This crossword clue is for the definition: Note from someone in a hole.
it’s A 27 letters crossword puzzle definition.
Next time, when searching for online help with your puzzle, try using the search term “Note from someone in a hole crossword” or “Note from someone in a hole crossword clue”. The possible answerss for Note from someone in a hole are listed below.
Did you find what you needed?
We hope you did!.
Possible Answers: IOU.
Last seen on: LA Times Crossword 15 Jun 2018, Friday
Random information on the term “IOU”:
A scrip (or chit in India) is any substitute for legal tender. It is often a form of credit. Scrips have been created for payment of employees under truck systems, and for use in local commerce at times when regular currency was unavailable, for example in remote coal towns, military bases, ships on long voyages, or occupied countries in wartime. Besides company scrip, other forms of scrip include land scrip, vouchers, token coins such as subway tokens, IOUs, arcade tokens and tickets, and points on some credit cards.
Scrips have gained historical importance and become a subject of study in numismatics and exonumia due to their wide variety and recurring use. Scrip behaves similarly to a currency, and as such can be used to study monetary economics.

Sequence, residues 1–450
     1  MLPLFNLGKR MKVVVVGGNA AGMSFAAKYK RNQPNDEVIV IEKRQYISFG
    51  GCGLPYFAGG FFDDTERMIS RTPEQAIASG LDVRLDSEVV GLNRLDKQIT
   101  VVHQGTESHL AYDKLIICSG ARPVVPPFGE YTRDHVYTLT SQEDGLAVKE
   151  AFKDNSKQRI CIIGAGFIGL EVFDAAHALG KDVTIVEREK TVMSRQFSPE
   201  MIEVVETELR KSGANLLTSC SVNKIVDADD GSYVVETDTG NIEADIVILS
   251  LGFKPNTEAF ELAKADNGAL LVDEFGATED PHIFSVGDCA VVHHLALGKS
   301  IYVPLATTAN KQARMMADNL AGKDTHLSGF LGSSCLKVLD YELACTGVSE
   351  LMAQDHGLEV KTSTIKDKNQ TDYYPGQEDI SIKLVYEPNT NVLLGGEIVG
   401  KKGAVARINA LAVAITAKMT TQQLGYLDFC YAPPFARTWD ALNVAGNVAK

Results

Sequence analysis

A variety of forms of scrip were used at various times in the 19th and 20th centuries.
Company scrip was a credit against the accrued wages of employees.
In United States mining or logging camps where everything was owned and operated by a single company, scrip provided the workers with credit when their wages had been depleted. These remote locations were cash poor. Workers had very little choice but to purchase food and other goods at a company store. In this way, the company could charge enormous markups on goods in a company store, making workers completely dependent on the company, thus enforcing their “loyalty” to the company. Additionally, while employees could exchange scrip for cash, this could rarely be done at face value. This kind of scrip was valid only within the settlement where it was issued. While store owners in neighboring communities could accept the scrip as money, they rarely did so at face value, as it was worth less than that.